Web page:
You need to have an existing First Tennessee account to apply online, but if you don’t have one, you can print out an application and mail it into their office to get a decision. You’ll find a link to the paper application when the online form asks you whether you have an account or not.

Go to site

8. Capital One QuickSilver ONE – 0% APR for 9 months, NO FEE

quicksilveroneThere’s a catch here. While there is no balance transfer fee, this card has a $39 annual fee.

If you’re transferring a big balance of $2,000 or more, the $39 isn’t a big deal. But if it’s a small balance and one you don’t plan to pay off within 9 months, then consider other options with no annual fee first.

Capital One tends to approve people with less perfect credit for this card than some of the other options and you might be able to check if you are pre approved by Capital One without hurting your credit score. Beware that after the 0% rate ends in 9 months your rate will ratchet up to a scary 23.24%.

Go to site

9. Aspire Credit Union Credit Card – 0% APR for 6 months, NO FEE

AspireYou don’t have to be a member to apply and get a decision from Aspire. Once you do, Aspire is easy to join – just check that you want to join the American Consumer Council (free) while filling out your membership application online.

Make sure you apply for the regular ‘Platinum’ card, and not the ‘Platinum Rewards’ card, which doesn’t offer the introductory deal.

Go to site

10. Elements Financial Credit Card – 0% APR for 6 months, NO FEE

To become a member and apply, you’ll just need to join TruDirection, a financial literacy organization.Elements 4c-horiz It costs just $5 and you can join as part of the application process.

Go to site

11. Justice Federal Credit Union – 0% APR for 6 months, NO FEE

justicefcuIf you’re not a Department of Justice, Homeland Security, or U.S. court employee (or a few others), you need to join a law enforcement organization to be a member of Justice Federal. One of the eligible associations for membership is the National Native American Law Enforcement Association. It costs $15 to join.

You can apply as a non-member online to get a decision before joining. And Justice is unique in that its Student credit card is also eligible for the 0% no fee deal, so if your credit history is limited and you’re trying to deal with a balance on your very first card, this could be an option.

Go to site

For Texas residents: RBFCU – 0% APR for 12 months, NO FEE

Randolph Brooks Federal Credit Union is based in South Central Texas, but membership is available to any Texas resident who joins the American Consumer Council. Their cards offer no balance transfer fees and a 0% APR for 12 months.

If you live near Houston, the Community Resource Credit Union offers 0% for 15 months with no fee. But you need to live or work within 10 miles of one of their branches on the Northeast side of Houston.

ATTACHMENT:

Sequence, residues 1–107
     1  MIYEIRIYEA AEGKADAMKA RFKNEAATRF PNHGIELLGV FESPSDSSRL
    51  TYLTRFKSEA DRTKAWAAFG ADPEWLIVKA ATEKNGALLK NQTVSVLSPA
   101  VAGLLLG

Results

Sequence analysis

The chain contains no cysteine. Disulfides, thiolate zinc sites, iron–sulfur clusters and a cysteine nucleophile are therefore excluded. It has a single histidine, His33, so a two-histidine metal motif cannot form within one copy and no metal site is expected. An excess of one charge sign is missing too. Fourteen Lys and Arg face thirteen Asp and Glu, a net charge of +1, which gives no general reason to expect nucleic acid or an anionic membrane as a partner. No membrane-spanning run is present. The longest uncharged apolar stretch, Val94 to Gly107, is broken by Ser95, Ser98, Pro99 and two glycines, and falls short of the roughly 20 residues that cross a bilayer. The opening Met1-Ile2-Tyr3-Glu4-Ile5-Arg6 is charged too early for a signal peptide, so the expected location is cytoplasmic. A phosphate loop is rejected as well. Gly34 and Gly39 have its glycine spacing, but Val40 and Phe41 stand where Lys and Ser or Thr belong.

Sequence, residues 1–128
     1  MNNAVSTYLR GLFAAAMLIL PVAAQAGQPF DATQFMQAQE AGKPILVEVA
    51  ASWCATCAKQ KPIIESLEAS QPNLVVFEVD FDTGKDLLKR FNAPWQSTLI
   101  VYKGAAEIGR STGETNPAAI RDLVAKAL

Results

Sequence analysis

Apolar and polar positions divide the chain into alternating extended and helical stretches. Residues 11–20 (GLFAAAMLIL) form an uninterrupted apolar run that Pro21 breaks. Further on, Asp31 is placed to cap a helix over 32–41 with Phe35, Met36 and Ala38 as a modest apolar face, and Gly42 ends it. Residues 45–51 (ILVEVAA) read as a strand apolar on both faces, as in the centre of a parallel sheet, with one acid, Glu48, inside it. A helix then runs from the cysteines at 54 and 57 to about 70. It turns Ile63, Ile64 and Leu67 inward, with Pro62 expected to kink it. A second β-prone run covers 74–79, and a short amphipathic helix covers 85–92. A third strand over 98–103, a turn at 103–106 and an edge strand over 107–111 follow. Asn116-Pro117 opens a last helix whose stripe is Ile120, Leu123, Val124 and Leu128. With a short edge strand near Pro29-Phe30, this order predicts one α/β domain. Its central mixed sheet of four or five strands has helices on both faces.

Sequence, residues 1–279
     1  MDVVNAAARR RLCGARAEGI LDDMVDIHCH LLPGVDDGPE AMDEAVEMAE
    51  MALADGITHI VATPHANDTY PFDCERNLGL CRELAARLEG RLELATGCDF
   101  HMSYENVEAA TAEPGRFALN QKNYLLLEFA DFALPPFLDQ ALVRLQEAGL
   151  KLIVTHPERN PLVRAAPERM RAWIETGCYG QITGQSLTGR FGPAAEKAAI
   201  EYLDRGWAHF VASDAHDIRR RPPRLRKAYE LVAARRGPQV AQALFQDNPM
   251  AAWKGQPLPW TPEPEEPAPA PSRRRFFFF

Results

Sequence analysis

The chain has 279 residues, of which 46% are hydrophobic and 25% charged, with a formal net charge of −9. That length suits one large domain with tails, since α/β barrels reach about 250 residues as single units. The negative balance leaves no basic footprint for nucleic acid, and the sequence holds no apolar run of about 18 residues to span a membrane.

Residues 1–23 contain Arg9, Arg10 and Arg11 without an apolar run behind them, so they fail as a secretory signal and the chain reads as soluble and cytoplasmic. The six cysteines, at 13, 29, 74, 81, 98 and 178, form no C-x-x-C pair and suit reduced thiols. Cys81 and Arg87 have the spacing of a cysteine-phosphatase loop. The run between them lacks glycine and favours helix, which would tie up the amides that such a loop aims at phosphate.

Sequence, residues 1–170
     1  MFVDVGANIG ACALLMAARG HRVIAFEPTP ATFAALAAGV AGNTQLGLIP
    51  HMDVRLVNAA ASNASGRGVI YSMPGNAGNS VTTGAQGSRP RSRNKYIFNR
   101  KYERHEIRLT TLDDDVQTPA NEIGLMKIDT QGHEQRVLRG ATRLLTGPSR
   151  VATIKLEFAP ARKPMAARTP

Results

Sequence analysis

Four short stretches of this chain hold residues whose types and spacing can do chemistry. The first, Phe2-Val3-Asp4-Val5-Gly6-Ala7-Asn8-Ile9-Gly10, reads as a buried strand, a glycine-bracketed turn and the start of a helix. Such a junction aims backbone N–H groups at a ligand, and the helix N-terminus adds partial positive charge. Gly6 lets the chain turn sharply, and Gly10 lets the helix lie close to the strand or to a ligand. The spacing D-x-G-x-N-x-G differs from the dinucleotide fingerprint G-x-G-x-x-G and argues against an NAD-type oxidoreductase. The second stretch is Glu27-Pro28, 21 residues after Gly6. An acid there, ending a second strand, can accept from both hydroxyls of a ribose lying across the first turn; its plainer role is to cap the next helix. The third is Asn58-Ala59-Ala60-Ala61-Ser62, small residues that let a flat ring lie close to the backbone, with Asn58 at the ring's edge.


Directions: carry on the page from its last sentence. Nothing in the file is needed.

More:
Go to site

Are these the best deals for you?

If you can pay off your debt within the 0% period, then yes, a no fee 0% balance transfer credit card is your absolute best bet. And if you can’t, you can hope that other 0% deals will be around to switch again.

But if you’re unsure, you might want to consider…

  • A deal that has a longer period before the rate goes up. In that case, a balance transfer fee could be worth it to lock in a 0% rate for longer.
  • Or, a card with a rate a little above 0% that could lock you into a low rate even longer.

The good news is we can figure it out for you.

Our handy, free balance transfer tool lets you input how much debt you have, and how much of a monthly payment you can afford. It will run the numbers to show you which offers will save you the most for the longest period of time.

promo-balancetransfer-wide

The savings from just one balance transfer can be substantial.

Let’s say you have $5,000 in credit card debt, you’re paying 18% in interest, and can afford to pay $200 a month on it. Here’s what you can save with a 0% deal:

  • 18%: It will take 32 months to pay off, with $1,312 in interest paid.
  • 0% for 12 months: You’ll pay it off in 28 months, with just $502 in interest, saving you $810 in cash. That even assumes your rate goes back up to 18% after 12 months!

But your rate doesn’t have to go up after 12 months. If you pay everything on time and maintain good credit, there’s a great chance you’ll be able to shop around and find another bank willing to offer you 0% interest again, letting you pay it off even faster.

Before you do any balance transfer though, make sure you follow these 6 golden rules of balance transfer success:

  • Never use the card for spending. You are only ready to do a balance transfer once you’ve gotten your budget in order and are no longer spending more than you earn. This card should never be used for new purchases, as it’s possible you’ll get charged a higher rate on those purchases.
  • Have a plan for the end of the promotional period. Make sure you set a reminder on your phone calendar about a month or so before your promotional period ends so you can shop around for a low rate from another bank.
  • Don’t try to transfer debt between two cards of the same bank. It won’t work. Balance transfer deals are meant to ‘steal’ your balance from a competing bank, not lower your rate from the same bank. So if you have a Chase Freedom with a high rate, don’t apply for another Chase card like a Chase Slate and expect you can transfer the balance. Apply for one from another bank.
  • Get that transfer done within 60 days. Otherwise your promotional deal may expire unused.
  • Never use a card at an ATM. You should never use the card for spending, and getting cash is incredibly expensive. Just don’t do it with this or any credit card.
  • Always pay on time. If you pay more than 30 days late your credit will be hurt, your rate may go up, and you may find it harder to find good deals in the future. Only do balance transfers if you’re ready to pay at least the minimum due on time, every time.